Emmanuelle Devuyst Many countries in the world that are rich in natural resources are poorly developed and politically unstable. This apparent paradox has been the
Climate and development policy have reached an impasse. The international community’s political efforts are not even close to producing adequate responses to these momentous challenges. One important aspect is to bring together climate change mitigation and development policy.
This has prompted four different partners to join forces: Potsdam Institute for Climate Impact Research, the Institute for Social and Development Studies in Munich, Misereor – the German Catholic Bishops’ Organisation for Development Cooperation, and the Munich Re Foundation. Together, they released the report this year, Global aber Gerecht: Klimawandel bekämpfen, Entwicklung ermöglichen.
On October 15th a meeting was held at the Pontifical University of Comillas-Madrid by several members of UNIJES (Spanish Jesuit Institutions of Higher Education) under the theme of “Natural Resources and Sustainability”. This was a preliminary meeting in order to assess the possibilities to establish a permanent working group in the framework of UNIJES. After a certain time of informal conversations finally we moved forward in order to gather representatives from UNIJES institutions that are dealing with “sustainability” at different levels.
Simon Lochbrunner, SJ is a theologian and formerly worked as a certified organic farmer in Southern Germany. He is currently assisting at St. Ansgar Youth pastoral (KSJ) in Hamburg. Contact: email@example.com
Today, the predation and violence against indigenous and traditional peoples of the Amazonia continues with the outrageous activity of construction of infrastructures and transport facilities, especially with large projects as the IIRSA (Integration of Regional Infrastructure in South America).
The IIRSA emerged at a meeting of Latin American Heads of State held in Brasilia in 2000. They agreed to create a process of political, social and economic development of transport infrastructure, energy and communication across the continent, creating new export routes to reduce transport costs and thus achieve greater competitiveness in world markets. The estimated cost in 2009 was US $ 74,500 million, financed by several regional and international institutions as the Inter-American Development Bank, the European Investment Bank and the World Bank.
Lack of political will and exaggerated expectations could explain the failure to achieve a fair, binding and ambitious agreement at the Copenhagen Conference.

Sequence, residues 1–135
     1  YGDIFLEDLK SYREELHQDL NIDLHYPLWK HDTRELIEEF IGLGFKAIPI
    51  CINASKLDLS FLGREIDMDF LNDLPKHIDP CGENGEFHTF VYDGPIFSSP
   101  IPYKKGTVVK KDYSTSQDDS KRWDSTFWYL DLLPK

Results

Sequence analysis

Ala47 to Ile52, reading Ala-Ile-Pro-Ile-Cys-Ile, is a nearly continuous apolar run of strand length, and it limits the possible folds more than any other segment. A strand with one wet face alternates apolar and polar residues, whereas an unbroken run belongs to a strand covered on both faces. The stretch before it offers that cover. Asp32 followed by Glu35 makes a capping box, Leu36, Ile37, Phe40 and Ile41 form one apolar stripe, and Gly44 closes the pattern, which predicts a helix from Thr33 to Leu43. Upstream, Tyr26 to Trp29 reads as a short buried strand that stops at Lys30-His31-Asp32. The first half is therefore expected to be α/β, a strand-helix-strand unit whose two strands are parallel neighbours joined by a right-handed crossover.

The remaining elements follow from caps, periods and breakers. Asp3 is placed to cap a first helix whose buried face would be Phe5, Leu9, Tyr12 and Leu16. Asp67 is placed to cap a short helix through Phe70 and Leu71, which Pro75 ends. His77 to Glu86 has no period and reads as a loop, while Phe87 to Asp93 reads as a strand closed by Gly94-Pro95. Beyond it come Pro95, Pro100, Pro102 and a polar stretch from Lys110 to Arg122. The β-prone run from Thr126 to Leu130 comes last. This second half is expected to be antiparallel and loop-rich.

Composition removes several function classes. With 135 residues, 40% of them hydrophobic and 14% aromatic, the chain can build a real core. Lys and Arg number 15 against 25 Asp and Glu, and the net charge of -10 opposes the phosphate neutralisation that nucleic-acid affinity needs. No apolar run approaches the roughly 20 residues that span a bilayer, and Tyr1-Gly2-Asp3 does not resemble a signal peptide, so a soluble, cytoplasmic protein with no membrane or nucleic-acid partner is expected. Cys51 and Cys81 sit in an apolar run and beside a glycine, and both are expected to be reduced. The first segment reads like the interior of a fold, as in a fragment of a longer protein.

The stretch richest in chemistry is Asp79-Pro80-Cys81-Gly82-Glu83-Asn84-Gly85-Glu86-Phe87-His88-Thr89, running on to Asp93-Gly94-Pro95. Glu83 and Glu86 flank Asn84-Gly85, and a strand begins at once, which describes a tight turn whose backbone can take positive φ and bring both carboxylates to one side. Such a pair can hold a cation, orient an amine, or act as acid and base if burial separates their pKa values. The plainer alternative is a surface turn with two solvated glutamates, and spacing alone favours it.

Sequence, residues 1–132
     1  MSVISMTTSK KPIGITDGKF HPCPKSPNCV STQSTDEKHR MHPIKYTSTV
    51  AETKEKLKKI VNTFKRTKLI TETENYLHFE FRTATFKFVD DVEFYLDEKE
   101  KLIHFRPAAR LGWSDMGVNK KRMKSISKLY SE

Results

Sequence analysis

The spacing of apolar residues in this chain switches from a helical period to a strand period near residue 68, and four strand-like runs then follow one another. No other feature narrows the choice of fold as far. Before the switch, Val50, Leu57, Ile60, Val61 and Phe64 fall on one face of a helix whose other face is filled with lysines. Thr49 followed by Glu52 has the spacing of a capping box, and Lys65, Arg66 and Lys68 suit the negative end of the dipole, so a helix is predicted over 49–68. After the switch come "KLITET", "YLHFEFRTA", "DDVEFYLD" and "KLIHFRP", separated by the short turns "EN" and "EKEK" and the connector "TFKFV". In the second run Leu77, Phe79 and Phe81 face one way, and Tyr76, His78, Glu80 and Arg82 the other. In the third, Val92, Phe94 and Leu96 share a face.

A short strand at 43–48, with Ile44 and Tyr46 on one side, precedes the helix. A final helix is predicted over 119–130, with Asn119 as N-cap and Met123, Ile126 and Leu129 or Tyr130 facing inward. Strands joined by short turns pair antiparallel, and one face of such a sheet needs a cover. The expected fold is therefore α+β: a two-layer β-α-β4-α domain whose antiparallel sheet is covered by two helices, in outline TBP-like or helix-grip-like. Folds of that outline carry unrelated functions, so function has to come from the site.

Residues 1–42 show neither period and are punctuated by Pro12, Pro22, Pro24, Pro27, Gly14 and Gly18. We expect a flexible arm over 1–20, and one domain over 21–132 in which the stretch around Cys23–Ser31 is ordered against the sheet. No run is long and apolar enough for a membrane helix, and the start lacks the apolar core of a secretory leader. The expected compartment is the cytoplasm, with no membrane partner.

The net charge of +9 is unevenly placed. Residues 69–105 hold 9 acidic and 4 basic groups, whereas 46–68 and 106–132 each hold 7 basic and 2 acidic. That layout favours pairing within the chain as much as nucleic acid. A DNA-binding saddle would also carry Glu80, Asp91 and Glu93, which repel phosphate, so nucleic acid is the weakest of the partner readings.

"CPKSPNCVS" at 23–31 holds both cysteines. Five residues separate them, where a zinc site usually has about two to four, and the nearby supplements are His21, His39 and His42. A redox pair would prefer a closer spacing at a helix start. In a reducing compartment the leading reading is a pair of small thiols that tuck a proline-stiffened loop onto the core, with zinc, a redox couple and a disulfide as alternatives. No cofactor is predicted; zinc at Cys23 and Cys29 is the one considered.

As Archbishop Desmond Tutu began the concluding prayer at the ecumenical service on Sunday December the 13th, Copenhagen Cathedral bells started to ring, 350 times. Simultaneously, hundreds of Churches in Denmark joined the Cathedral bells – also ringing 350 times. 350 is a symbolic number for environment campaigners: 350 parts per million is deemed the safe upper limit for carbon dioxide in the atmosphere, so as to avoid runaway climate change.
The schedule of UN meetings before the Copenhagen Conference on Climate Change shows how intense is the negotiation process: 1-12 June, UN climate negotiations in Bonn; 21-25 September, UN Climate Summit in New York; 28 September – 9 October, UN negotiations in Bangkok; 2- 6 November, final round in Barcelona; and 7 – 18 December, the Copenhagen Conference itself. We are entering a critical phase of the Copenhagen preparations at international and European level and any agreement will require energy, diplomatic skills, and generosity.
Andreas Carlgren, Swedish Centre Party, became member of the Swedish parliament in 1994. Since 2006, he has been minister for environment in Sweden. He is also a member of St Eugenia catholic parish in Stockholm.
This interview was first published in the Jesuit review Signum (5/2010) and has been shorted for EcoJesuit. See the full text version here.
Reynaldo “Rey” Raluto shares with ESSCNews some of his thoughts about Creation – our relation to it and its role today, as he finishes his doctoral studies in theology at the Catholic University of Louvain (Belgium) in preparation for his teaching assignment in St. John Vianney Theological Seminary in Cagayan de Oro. Rey is a priest from the Diocese of Malaybalay and is doing his doctoral research on the ecological perspective on liberation theology in the Philippine context.